Back in November 2019 I posted about Albert Street Uniting Church. It can be glimpsed behind the righthand roo. The one with the joey’s legs poking out of her pouch.This heartwarming bronze family gaze across Saint George’s Square towards Brisbane City Hall. An Italian Renaissance style building designed by architects, Thomas Ramsay Hall and George Gray Prentice.The building opened in 1930. It has been used for royal receptions, pageants, orchestral concerts, civic greetings, flower shows, school graduations and political meetings.
Grand Victorian building, dwarfed by surrounding office blocks. It is hidden in plain sight when walking along pedestrianised, Queen Street Mall from George to Albert streets.
The following description appears on Remax website.
62 Queen Street is a 3 storey heritage commercial building that was constructed c1883 for Colonial Mutual Life Assurance Society.
Designed in the Gothic Style by one of Brisbane’s foremost Architects of the time Richard Gailey, the property is a fine example of commercial buildings during Brisbane’s transition as a former penal settlement.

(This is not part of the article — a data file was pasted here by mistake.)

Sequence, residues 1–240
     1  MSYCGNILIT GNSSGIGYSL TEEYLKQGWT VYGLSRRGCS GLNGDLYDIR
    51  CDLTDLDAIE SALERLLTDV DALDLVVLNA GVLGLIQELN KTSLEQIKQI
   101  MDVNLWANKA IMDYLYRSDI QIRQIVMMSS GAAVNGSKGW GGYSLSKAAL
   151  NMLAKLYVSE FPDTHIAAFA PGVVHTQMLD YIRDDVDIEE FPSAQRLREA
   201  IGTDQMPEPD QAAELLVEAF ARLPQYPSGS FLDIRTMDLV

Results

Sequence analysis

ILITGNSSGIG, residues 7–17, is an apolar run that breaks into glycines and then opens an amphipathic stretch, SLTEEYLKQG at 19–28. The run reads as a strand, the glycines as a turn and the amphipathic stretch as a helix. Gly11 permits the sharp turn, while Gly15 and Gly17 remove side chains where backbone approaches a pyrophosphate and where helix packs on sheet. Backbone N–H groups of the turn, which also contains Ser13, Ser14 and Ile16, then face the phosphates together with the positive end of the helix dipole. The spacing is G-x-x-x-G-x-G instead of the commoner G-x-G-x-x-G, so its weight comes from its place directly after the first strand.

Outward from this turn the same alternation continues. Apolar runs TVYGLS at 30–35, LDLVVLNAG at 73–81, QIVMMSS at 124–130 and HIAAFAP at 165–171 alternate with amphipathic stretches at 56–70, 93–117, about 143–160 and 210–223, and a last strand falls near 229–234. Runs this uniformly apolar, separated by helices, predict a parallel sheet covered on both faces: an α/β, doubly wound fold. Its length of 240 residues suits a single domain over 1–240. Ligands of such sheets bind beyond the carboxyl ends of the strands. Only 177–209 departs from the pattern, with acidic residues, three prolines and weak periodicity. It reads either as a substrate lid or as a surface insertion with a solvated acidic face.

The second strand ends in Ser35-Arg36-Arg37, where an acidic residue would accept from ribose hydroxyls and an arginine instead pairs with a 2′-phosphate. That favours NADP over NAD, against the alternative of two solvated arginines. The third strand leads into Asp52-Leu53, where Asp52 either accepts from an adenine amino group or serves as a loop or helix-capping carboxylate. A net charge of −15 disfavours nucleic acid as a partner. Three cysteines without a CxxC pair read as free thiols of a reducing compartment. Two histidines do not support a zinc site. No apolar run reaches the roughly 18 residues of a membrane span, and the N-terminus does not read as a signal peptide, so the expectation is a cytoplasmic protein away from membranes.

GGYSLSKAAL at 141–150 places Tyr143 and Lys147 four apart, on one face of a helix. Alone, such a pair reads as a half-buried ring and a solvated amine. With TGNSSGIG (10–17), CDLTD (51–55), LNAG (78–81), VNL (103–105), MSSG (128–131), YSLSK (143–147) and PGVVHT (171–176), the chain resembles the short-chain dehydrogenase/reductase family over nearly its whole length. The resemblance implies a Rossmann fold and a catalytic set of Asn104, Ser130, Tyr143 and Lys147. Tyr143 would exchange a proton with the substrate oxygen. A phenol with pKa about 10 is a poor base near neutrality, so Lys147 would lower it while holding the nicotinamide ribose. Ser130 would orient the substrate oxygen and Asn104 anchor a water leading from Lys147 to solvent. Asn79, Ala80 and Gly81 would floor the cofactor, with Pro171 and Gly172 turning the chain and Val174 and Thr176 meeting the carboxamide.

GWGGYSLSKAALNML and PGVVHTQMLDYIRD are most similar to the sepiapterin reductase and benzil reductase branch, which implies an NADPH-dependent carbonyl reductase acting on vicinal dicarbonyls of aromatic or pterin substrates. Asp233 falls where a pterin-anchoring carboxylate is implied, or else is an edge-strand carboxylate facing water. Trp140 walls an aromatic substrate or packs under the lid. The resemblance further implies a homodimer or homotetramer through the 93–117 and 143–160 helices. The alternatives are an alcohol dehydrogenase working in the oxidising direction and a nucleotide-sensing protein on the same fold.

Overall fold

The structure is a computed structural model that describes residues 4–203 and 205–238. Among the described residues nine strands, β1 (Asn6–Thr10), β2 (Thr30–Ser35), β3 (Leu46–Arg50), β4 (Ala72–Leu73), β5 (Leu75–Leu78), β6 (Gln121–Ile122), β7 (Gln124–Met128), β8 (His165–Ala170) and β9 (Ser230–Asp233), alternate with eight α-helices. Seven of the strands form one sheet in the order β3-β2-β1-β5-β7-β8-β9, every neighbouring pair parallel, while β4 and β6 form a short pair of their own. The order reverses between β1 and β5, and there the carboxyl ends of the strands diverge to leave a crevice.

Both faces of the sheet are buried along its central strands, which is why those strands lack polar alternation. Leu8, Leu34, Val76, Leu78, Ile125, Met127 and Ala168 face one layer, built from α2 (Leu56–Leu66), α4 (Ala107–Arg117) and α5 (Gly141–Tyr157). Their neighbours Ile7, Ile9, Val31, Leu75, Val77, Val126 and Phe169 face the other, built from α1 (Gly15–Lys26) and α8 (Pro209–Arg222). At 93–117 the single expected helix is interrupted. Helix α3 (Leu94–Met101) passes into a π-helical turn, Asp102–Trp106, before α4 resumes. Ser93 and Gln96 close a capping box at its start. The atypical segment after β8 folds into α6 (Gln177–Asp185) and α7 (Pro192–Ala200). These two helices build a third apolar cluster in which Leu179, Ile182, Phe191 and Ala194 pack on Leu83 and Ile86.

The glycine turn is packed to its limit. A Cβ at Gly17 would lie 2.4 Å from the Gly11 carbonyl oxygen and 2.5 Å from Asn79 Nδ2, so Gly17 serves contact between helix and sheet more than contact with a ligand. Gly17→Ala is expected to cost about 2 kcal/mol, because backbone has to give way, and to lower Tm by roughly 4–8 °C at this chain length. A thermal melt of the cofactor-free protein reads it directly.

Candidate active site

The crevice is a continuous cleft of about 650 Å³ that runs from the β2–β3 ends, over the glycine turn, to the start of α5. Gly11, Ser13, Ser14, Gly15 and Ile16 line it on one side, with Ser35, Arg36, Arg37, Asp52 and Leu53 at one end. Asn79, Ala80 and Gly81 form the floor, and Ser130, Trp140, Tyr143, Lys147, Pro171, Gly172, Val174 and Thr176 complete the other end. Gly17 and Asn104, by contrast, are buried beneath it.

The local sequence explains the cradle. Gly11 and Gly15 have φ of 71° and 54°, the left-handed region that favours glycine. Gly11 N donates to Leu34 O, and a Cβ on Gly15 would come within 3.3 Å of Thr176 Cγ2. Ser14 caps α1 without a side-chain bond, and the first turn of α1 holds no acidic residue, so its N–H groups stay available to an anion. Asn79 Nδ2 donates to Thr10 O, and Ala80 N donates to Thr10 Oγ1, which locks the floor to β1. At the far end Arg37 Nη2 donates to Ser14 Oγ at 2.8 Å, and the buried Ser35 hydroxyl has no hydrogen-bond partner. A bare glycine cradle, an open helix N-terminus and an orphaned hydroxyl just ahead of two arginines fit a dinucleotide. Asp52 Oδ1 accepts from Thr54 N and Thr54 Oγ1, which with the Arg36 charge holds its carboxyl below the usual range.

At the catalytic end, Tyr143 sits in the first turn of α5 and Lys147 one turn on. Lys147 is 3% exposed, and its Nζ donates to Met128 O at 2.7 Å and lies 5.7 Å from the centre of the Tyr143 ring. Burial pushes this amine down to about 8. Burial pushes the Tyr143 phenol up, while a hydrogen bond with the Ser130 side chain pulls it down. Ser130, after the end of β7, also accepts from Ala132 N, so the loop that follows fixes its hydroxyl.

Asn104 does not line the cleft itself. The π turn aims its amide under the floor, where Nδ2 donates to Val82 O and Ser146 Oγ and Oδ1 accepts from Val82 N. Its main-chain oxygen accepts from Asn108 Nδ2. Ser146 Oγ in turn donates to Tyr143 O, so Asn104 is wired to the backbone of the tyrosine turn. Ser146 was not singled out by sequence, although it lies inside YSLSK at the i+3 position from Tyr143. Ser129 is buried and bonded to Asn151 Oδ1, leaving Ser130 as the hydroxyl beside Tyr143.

The second picture circa 1895, shows the narrow building with spire, flag pole, attic rooms and chimneys.
Presumably, they were removed at the same time the original Brisbane Town Hall was demolished
Designed by Australian architect and artist, George Henry Male Addison (1857-1922), Albert Street Uniting Church was completed in 1889.
The warmth of the terracotta bricks of this Victorian Gothic Revival church contrasts beautifully against the blue sky, reflected in the glazed building behind.
Situated near a busy intersection where Roma Street meets Ann Street. It shares a link to the past under City Hall’s watchful eye, located diagonally across King George’s Square.
ANZAC Square, Brisbane.
Looking north-west from the Adelaide Street side of Post Office Square towards Central Station, facing Ann Street. The Sofitel Hotel on Turbot Street provides a backdrop.
The statue in the centre of the photo is a memorial to Queenslanders who fought during the Second Boer War, 1899–1902.
The memorial features a life-size Queensland Mounted Infantryman. It was sculpted by James Laurence Watts from 1912 to 1919. It is also known as Boer War Memorial and The Scout.
We often pass this house, on our walks with Stan. According to onthehouse.com.au, it sits on a 405m2 block of land, and has a compact 71m2 footprint. Being built in 1900 the house has two bedrooms, one bathroom, and a car space.I particularly like the window hoods along the side of the building.
Yesterday, we noticed this cute weather board cottage has now been leased.